Mr. Morse and wife and Susan were to have dined with us to-day; but the arrival of his father and friends from Woodstock, last evening, prevents. I had a line from him this morning, and they are well.

I hope this will find you and your family free from the influenza. I expect that the company that is coming from New York will bring it here. We are making preparations for a procession, a review, and what not, to

treat the President with. You will hear enough of it by the newspapers. A family of children cannot receive a long absent parent with more real joy than will be felt by the citizens of this place on his coming. I know several sick persons who are lamenting that he should come before they are able to go abroad.

My dear sir, I hope you will not long remain without some settled business. Your character and abilities are so well known that I cannot entertain a doubt of something in reserve for you, though time and Providence must bring it forth. In the mean time, you are so far happy as to have a spirit of resignation and a desire to do good. This temper is the best preparation for filling some future station with credit and usefulness.

Thomas's Magazine, as far as I am able to judge, is likely to continue for some time, at least. It is pretty generally read; and, since it has come out, I have lost near 20 subscriptions for the Columbian.

If you should go to Philadelphia, pray write me from thence. What will become of Bryson ? * I hear nothing now from or about Dr. Clarkson, and have had nothing from Dr. Rush since the letter which I passed open through your hands.

I wish you was here to laugh with me at Dr. Mather's “ Wonders of the Invisible World,” which I have taken out of the College Library. I will give you one choice extract or two:

“ The servile, abject, needy circumstances wherein the Devil keeps his slaves, do suggest to us how woful the Devil would render all our lives. We live in a Province which affords us all that may be necessary or comfortable but we found it filled with vast herds of salvages, that never saw so much as a knife, or a nail, or a board, or a grain of salt, in all their days. No better would the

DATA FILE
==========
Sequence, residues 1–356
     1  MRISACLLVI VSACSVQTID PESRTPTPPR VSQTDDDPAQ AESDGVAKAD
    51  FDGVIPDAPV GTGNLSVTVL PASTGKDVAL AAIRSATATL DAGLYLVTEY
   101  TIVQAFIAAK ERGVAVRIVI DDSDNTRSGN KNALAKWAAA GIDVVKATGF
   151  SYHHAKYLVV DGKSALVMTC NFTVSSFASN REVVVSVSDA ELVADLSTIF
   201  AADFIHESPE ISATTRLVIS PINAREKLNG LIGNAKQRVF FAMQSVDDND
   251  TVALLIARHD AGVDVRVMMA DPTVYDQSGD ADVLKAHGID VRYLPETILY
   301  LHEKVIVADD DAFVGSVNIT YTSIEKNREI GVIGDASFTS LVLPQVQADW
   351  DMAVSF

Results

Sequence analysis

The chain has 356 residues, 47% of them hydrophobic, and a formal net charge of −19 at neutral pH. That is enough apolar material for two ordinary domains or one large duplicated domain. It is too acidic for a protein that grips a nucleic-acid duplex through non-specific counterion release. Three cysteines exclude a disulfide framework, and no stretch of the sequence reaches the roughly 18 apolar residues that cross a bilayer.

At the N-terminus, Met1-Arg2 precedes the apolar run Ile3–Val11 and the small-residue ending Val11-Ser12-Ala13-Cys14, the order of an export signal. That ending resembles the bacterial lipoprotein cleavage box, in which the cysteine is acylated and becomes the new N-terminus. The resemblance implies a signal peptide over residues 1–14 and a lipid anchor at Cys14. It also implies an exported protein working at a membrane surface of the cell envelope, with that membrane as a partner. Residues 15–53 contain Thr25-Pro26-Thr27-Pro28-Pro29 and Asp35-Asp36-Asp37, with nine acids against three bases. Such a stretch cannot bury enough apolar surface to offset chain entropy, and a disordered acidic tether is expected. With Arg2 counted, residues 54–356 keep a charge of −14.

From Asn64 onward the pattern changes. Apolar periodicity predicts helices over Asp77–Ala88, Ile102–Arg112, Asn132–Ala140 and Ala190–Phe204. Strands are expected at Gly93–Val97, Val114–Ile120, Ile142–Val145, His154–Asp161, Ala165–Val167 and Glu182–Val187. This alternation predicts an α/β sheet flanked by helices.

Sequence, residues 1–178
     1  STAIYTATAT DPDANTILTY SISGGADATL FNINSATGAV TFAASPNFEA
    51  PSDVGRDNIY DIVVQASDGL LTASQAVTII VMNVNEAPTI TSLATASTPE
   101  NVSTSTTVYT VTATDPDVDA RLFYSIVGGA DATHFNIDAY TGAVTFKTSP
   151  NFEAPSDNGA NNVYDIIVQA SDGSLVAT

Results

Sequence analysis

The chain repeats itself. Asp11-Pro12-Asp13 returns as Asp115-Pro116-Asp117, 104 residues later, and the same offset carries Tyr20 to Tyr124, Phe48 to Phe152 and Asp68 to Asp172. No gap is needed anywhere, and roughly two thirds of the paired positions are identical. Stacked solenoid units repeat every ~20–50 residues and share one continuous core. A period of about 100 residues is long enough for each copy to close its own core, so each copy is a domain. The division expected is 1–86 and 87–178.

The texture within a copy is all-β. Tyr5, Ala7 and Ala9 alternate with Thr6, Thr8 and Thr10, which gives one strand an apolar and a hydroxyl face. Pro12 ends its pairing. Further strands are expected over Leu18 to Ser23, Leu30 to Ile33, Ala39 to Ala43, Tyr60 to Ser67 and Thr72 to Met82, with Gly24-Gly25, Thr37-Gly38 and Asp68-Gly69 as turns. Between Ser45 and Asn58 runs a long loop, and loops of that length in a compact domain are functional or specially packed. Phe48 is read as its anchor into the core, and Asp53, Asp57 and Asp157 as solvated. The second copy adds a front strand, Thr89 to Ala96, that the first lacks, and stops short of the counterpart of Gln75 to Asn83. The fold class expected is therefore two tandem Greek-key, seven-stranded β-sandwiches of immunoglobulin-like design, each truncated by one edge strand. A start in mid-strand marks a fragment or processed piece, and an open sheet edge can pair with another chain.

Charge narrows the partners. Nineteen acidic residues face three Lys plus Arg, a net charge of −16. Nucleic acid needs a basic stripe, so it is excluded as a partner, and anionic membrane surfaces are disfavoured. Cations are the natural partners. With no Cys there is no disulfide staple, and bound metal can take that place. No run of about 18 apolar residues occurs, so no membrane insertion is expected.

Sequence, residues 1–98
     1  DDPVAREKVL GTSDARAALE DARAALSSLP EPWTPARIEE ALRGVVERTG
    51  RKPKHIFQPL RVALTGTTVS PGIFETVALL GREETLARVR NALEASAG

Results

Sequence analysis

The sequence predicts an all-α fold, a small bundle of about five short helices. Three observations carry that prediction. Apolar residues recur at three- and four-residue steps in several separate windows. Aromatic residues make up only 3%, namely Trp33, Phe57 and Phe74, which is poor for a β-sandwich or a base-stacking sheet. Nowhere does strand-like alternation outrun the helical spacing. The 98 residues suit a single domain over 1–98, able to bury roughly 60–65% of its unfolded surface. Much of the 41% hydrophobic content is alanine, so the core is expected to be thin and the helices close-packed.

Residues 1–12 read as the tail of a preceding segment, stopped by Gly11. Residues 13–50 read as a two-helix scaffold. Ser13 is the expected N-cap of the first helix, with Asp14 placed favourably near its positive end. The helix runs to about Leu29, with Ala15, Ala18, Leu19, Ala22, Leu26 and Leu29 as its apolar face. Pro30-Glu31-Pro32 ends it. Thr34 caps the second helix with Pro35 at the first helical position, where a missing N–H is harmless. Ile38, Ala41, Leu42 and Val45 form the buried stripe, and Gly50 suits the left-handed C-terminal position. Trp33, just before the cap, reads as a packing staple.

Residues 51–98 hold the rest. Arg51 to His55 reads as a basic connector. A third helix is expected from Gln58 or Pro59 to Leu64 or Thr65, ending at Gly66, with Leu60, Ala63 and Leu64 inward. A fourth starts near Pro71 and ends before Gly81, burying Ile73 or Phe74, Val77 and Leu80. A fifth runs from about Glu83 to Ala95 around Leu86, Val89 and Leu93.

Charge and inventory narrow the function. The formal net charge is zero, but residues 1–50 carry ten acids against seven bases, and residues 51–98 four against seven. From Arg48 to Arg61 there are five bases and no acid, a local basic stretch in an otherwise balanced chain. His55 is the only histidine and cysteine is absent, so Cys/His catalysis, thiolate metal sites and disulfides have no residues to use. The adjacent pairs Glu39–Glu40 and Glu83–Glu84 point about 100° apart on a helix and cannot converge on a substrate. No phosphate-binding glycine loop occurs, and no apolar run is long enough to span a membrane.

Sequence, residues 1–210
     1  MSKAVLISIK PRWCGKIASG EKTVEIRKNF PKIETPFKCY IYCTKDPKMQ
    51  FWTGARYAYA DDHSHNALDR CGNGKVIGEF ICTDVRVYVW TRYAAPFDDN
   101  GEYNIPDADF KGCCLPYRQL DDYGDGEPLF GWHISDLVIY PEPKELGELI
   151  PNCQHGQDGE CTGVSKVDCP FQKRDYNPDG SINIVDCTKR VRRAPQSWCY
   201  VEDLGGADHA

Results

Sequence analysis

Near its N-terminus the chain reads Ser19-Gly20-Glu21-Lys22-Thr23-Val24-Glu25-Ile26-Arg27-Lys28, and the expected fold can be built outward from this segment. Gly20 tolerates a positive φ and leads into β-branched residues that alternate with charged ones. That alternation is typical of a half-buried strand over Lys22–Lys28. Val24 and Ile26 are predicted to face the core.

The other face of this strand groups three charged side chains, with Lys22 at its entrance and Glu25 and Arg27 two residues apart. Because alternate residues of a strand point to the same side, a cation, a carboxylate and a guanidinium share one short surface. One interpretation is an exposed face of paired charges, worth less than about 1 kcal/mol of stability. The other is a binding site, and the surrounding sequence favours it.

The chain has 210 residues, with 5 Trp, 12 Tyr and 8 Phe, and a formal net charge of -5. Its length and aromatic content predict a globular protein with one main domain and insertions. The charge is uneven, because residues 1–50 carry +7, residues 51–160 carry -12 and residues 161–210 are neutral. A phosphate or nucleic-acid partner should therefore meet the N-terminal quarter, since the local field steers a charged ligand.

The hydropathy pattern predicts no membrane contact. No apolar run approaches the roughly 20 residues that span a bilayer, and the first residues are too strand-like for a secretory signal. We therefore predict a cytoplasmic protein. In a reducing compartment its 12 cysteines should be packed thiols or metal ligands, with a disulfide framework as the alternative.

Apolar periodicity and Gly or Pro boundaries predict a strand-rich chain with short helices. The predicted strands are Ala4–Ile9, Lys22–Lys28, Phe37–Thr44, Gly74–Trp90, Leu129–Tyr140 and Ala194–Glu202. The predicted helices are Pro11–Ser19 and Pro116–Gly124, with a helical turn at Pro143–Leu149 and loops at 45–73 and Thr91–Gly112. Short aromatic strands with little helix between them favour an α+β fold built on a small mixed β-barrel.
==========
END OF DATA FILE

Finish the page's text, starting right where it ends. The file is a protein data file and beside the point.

; Devil have the world provided for; nor should we have one convenient thing about us, but be as indigent as our ragged witches are, if the Devil's malice were not overruled. The Devil, like a dragon keeping a guard upon such fruits as would refresh a languishing world, has hindered mankind, for many ayes, from hitting those useful inventions which yet were so obvious and facile that it is everybody's wonder they were no sooner hit upon. The bemisted world must jog on for thousands of years without the knowledge of the loadstone, till a Neapolitan stumbled upon it 300 years ago. Nor must the world be blest with such a matchless engine of learning and virtue as that of printing, till about the middle of the 15th century. Nor must one old man, all over the face of the whole earth, have the benefit of such a little though most needful thing as a pair of spectacles, till a Dutchman, a little while ago, accommodated us.

* Mr. Hazard's assistant in the post-office. - Eds.

“ We are told that the Devil made a storm which hurricanoed the house of Job upon the heads of them that were feasting in it. Paracelsus could have informed the Devil (if he had not been informed, as be sure he was before) that if much aluminious matter, with salt-petre, not thoroughly prepared, be mixed, they will send up a cloud of smoke, which will come down in rain. But undoubtedly the Devil understands the way to make a tempest, as well as to turn the winds at the solicitation of a Laplander Whence perhaps it is that thunders are observed oftener to break upon churches than upon any other buildings.“One woe that may be looked for is a repetition of earthquakes; and this, perhaps, by the energy of the Devil in the earth.“ The Devil is going to be dislodged of the air, where his present quarters are.” I could give you more, but my paper fails. Adieu. Yours,

J. B.